Expect More Drama in High-Yield Bonds

Junk bond investors have had a tough month. The spread between the Barclays U.S. Corporate High Yield Index and the 10-year U.S. Treasury note has widened to 338 basis points from a low of 221 basis points on June 23, 2014.

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There's no shortage of likely culprits:

--Change at the Fed, in the form of sooner-than-expected monetary tightening given the Federal Open Market Committee's acknowledgment last week that "the likelihood of inflation running persistently below its 2 percent objective has diminished somewhat."

--Systemic risk implied by the effective collapse, and subsequent government seizure, of Portugal's second largest bank, Banco Espitito Santo, S.A.

--A determination by the International Swaps and Derivatives Association that Argentina's decision not to make a bond payment last week triggered a credit event, implying the country's first technical default since 2001.

Last week, global macro portfolio manager Atul Lele, who oversees $4.5 billion for Deltec Bank & Trust Ltd., joined us on the set of Surveillance in New York to offer his perspective. Bottom line: As the Fed prepares to reduce its unprecedented liquidity, Lele is avoiding high-yield bonds.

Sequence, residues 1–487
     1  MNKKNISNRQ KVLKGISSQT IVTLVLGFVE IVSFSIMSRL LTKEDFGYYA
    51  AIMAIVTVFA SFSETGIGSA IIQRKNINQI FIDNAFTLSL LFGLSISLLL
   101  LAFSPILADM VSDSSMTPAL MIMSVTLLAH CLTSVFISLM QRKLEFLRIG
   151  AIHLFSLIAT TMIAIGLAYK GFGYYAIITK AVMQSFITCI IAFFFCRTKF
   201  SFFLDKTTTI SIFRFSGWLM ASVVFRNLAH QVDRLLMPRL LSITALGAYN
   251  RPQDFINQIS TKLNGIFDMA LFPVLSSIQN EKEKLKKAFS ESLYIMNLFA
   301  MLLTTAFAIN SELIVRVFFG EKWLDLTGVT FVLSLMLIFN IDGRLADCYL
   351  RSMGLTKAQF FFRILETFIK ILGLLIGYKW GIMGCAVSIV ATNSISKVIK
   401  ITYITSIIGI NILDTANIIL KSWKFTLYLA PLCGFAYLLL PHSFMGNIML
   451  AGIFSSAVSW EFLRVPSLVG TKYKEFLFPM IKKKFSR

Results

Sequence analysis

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Technical strategist Chris Verrone of Strategas Research Partners e-mailed us this morning with his take. He notes that high-yield bonds have pulled back eight times over the past 5 years, with an average decline of 9.9 percent. Since the current decline amounts to 4.3 percent, he thinks there is more to come.

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Bank of America Corp. strategist Mary Ann Bartels agrees. She weighed in this morning on Surveillance, and while her primary focus is on equities rather than bonds, she sees a correction for all risk markets over the next several weeks. She is telling clients to buy, but also admits they may be wrong before they are right.

Back to high-yield bonds... Are we there yet? Probably not.

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